All Black tempo just too fast?
Well, well … what a change from one week to the next.
There we all were, spellbound by the All Blacks’ majestic 49-28 destruction of the Wallabies in the Tri-Nations Test in Melbourne less than two weeks ago, and even prepared to laud the losing outfit for their role in a high-speed rollercoaster ride.
After all, it’s not every day you witness a 10-try feast – even if the breakdown was a rather lopsided 7-3 in favour of Richie McCaw’s side – in any Test match featuring two of the planet’s leading powers.
Somehow the New Zealand performance, in particular, seemed to take rugby to exciting new levels, and as South Africans we were entitled to crank up further our nervousness about prospects of retaining the “Webb Ellis” next year … whatever the argument about the All Blacks traditionally peaking between rather than at World Cups.
I don’t know about you, but I started to breathe a little more easily after watching the immediate follow-up encounter between the Antipodean foes in Christchurch on Saturday.
In cricketing parlance, it was a little like watching a sixes-laden Twenty20 encounter the one week and then a tepid, five-day Test snore-draw on a heartless featherbed the next.
The return match, you see - which the All Blacks duly closed out professionally 20-10, let it be said - carried so little of the sparkle and dizzying pace that had marked the previous meeting.
Interestingly, it did start in a pretty similar, frenetic manner, with three tries comfortably within the first quarter of play … but then none more for the remaining hour-plus as the script seemed to lose its sting, and then some.
Just as tellingly, I thought, the legs of many of the participants seemed to “go” remarkably early.
There were players from both sides, and especially among the forwards, with their hands on their knees as early as the 20th minute, and general precision and slickness seemed to vanish thereafter with the proverbial bath water.
What we did get, it is true, was a demonstration by the All Blacks that their defensive shape and commitment has also come together again: the Wallabies bossed possession for much of the remainder of the contest but just could not punch meaningful holes, could they?
Chris Rattue put it fairly succinctly in the New Zealand Herald: “We should have been on the edge of our seats on Saturday, but as the drudgery wore on, the footrest came out and headrest eased into recliner mode.
“The Test match started out like the perfect poster for modern rugby, Southern Hemisphere style, yet went belly-up quicker than a Fancy Dan clothes shop in Newmarket.”
I couldn’t help wondering whether the All Blacks are sometimes just too good for themselves. (Or read: play with such panache and turbo-thrust one week that they are simply unable to sustain such heights the next.)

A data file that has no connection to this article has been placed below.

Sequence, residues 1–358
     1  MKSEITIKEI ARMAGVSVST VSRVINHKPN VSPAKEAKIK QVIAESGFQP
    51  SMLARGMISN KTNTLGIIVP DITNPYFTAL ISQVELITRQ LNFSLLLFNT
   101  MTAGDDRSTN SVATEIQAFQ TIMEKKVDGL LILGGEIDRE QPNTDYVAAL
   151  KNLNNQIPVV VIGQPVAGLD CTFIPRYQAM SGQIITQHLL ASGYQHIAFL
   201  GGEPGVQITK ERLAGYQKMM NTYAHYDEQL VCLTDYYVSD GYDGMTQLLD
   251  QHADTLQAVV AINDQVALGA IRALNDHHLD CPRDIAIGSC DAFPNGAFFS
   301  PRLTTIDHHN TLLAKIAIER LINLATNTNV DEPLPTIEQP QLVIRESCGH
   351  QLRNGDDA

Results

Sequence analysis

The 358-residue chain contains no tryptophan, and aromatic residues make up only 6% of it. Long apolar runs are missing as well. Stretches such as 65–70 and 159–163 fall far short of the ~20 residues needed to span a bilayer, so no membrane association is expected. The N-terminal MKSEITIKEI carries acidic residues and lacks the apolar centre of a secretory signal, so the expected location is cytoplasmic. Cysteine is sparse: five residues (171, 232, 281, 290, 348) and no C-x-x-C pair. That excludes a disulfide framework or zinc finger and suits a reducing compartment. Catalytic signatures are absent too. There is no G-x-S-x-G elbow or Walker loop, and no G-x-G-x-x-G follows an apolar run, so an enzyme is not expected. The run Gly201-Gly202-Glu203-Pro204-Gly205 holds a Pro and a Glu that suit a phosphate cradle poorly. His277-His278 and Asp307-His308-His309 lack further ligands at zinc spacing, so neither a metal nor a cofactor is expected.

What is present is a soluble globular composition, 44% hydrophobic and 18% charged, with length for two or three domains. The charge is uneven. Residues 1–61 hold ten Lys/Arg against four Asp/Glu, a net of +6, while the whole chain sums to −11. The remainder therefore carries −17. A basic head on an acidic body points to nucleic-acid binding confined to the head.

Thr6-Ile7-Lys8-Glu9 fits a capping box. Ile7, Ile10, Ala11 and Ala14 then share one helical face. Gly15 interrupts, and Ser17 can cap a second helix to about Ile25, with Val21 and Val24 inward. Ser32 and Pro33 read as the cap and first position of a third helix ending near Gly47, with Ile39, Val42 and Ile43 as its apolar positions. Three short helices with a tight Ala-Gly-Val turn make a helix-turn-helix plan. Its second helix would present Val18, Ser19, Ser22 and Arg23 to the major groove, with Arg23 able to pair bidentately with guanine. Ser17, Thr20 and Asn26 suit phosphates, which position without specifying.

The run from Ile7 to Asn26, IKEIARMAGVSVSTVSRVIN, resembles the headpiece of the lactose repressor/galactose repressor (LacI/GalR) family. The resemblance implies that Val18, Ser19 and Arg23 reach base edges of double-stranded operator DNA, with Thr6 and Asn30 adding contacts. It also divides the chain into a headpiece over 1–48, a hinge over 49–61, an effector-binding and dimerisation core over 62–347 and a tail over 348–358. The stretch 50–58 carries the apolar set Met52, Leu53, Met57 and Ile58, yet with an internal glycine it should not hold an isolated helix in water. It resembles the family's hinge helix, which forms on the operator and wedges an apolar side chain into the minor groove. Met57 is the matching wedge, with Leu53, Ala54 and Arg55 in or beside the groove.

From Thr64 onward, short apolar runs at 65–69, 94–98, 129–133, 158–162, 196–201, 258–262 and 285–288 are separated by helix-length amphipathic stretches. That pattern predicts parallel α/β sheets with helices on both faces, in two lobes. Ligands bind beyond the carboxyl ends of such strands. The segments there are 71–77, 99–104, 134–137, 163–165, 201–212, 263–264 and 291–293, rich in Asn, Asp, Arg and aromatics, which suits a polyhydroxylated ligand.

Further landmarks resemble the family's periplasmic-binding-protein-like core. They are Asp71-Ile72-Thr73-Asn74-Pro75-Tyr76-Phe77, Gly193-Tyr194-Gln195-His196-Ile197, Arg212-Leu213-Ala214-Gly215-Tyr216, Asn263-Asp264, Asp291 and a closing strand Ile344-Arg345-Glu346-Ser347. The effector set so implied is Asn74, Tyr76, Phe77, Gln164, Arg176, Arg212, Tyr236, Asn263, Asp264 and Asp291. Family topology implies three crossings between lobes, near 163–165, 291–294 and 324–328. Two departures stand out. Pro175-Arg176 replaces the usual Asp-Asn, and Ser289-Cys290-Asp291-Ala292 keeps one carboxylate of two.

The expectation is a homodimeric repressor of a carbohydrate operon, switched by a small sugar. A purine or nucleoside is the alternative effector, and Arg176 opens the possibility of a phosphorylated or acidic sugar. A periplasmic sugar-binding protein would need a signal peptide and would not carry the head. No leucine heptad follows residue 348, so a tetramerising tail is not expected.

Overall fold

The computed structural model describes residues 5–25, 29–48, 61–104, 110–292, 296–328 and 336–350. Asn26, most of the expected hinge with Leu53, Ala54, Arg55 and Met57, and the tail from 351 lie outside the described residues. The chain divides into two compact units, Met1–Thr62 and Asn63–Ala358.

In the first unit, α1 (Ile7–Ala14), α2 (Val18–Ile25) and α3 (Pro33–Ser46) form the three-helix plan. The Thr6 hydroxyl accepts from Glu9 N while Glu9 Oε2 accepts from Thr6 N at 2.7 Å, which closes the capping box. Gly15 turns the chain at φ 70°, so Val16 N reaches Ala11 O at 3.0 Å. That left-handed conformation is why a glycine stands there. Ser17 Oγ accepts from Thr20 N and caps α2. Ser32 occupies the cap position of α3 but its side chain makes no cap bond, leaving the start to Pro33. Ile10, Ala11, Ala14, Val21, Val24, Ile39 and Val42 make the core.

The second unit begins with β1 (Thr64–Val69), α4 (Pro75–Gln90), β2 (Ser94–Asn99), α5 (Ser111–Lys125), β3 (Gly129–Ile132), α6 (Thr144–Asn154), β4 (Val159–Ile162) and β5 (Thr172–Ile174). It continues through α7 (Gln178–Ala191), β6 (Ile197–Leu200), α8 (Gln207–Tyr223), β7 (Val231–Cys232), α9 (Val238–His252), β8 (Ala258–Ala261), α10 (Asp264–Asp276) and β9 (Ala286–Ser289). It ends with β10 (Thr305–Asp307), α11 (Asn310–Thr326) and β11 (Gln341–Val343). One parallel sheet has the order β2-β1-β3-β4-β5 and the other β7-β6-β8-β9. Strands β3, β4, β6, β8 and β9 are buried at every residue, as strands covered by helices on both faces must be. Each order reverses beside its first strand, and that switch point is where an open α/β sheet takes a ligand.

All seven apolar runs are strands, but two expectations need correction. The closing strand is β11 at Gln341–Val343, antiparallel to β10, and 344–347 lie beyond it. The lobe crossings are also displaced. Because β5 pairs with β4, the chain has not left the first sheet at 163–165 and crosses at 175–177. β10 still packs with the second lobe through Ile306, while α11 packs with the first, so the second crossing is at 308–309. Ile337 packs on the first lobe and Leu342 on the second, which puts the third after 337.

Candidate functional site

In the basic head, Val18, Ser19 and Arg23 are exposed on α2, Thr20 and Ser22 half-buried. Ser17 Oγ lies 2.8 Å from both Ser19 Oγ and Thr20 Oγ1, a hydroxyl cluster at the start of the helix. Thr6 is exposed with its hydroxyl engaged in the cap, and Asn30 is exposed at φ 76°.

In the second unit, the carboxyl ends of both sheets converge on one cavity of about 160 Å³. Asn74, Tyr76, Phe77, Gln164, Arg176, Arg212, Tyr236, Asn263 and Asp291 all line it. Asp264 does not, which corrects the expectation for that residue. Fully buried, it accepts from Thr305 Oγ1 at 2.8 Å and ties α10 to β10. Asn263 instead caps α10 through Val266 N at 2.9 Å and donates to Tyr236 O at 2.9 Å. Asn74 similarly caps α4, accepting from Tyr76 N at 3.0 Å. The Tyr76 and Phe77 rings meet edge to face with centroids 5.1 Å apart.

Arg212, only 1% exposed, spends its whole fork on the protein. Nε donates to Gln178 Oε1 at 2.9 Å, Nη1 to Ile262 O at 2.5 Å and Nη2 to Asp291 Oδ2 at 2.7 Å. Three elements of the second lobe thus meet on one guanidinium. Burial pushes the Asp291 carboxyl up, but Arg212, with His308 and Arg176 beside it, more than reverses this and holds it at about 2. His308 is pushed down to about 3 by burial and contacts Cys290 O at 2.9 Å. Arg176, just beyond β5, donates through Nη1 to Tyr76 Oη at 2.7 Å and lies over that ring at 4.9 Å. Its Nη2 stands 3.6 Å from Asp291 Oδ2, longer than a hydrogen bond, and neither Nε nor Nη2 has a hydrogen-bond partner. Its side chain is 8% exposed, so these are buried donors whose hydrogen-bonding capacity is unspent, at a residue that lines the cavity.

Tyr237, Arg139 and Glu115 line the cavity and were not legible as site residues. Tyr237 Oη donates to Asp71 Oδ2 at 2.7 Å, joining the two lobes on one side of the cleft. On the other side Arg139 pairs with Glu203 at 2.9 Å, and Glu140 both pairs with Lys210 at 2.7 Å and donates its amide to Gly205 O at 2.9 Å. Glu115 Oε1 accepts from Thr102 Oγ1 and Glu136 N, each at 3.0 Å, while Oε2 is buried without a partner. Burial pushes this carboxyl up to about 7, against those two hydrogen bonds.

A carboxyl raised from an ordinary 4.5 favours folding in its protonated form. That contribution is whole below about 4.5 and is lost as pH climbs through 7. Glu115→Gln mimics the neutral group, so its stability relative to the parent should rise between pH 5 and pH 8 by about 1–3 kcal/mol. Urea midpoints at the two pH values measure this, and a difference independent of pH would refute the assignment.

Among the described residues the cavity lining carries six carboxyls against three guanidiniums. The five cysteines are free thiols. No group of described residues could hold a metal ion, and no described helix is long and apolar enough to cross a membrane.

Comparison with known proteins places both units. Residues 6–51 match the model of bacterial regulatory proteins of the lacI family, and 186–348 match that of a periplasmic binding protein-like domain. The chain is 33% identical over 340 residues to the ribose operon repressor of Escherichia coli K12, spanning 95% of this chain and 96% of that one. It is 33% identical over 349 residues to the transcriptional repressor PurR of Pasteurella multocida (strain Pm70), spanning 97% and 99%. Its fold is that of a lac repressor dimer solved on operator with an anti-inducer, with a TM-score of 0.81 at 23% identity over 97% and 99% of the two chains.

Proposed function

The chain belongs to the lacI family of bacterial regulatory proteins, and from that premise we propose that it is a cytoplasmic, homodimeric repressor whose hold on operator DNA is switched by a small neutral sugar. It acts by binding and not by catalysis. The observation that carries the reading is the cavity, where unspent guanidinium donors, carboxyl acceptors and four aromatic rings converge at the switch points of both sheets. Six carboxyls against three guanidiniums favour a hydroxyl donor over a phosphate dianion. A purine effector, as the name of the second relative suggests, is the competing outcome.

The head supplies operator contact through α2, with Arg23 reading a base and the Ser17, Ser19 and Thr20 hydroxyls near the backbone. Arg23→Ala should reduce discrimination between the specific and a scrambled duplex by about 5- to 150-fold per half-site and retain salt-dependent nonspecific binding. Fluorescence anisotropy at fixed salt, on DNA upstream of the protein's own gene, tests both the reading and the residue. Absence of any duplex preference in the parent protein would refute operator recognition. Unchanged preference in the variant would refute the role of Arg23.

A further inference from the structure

Think about it. In Melbourne there were jaw-dropping passages where the ball just did not go out of play, which went a long way to explaining why so many tries were scored.
And I almost suspected New Zealand redoubled their resolve to take quick throw-ins and then spin the ball from deep within their own territory, on the grounds of their traumas at the set lineout last year. (Although these have gone some way down the road to eradication anyway.)
The All Blacks are great global crowd-pleasers, and all praise to them for that, but could it just be that their expansive playing style from virtually all areas of the park -- geared toward a minimum of stoppages and maximum use of the space between the white lines to move the ball swiftly among hands up-field -- sometimes creeps up and bites them on their own bums?
Their players from one to 15 look extremely well-conditioned at present, but it is difficult not to suspect, all the same, that the “non-stop” style they favour must take an occasional toll on a few tight forwards, in particular.
More than any other modern international team, the New Zealanders are the likeliest to run opponents -- either top-tier or minnow – ragged on a good day.
They tend to exhibit this trend in the early stages of World Cups, where they have a very well-developed reputation for running up cricket scores in the group stage while similar-strength counterparts like the Boks may prevail in a slightly “uglier” or at least less flamboyant style.
But come the key knockout phase, of course, and it is almost as if the All Blacks suddenly run out of puff, famously coming an unexpected cropper somewhere ahead of the final, which they haven’t visited since 1995 at Ellis Park.
I pose the question once more: is New Zealand’s high-tempo, dash-from-all-angles approach subconsciously their own worst enemy, drip-feeding a gradual element of fatigue?
Oh yes, and while this should not be viewed as any special confidence on my part of a Springbok win, I am mightily interested to see whether the All Blacks can repeat their sustained Melbourne fluidity in the thin Highveld air next weekend if they do opt for a similarly cavalier playing style …
Rob is Sport24's chief writer
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